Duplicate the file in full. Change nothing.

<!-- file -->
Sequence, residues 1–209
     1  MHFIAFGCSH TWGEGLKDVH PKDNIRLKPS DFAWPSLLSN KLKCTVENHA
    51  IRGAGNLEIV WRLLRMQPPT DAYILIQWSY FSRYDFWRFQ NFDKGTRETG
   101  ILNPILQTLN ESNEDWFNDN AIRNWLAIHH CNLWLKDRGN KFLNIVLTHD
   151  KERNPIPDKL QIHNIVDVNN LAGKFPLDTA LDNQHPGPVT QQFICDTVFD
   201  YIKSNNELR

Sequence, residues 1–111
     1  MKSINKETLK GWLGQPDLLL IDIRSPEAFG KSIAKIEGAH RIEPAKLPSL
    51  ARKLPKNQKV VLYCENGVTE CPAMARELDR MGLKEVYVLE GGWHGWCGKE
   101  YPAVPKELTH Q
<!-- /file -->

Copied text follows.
Sequence, residues 1–209
     1  MHFIAFGCSH TWGEGLKDVH PKDNIRLKPS DFAWPSLLSN KLKCTVENHA
    51  IRGAGNLEIV WRLLRMQPPT DAYILIQWSY FSRYDFWRFQ NFDKGTRETG
   101  ILNPILQTLN ESNEDWFNDN AIRNWLAIHH CNLWLKDRGN KFLNIVLTHD
   151  KERNPIPDKL QIHNIVDVNN LAGKFPLDTA LDNQHPGPVT QQFICDTVFD
   201  YIKSNNELR

Sequence, residues 1–111
     1  MKSINKETLK GWLGQPDLLL IDIRSPEAFG KSIAKIEGAH RIEPAKLPSL
    51  ARKLPKNQKV VLYCENGVTE CPAMARELDR MGLKEVYVLE GGWHGWCGKE
   101  YPAVPKELTH Q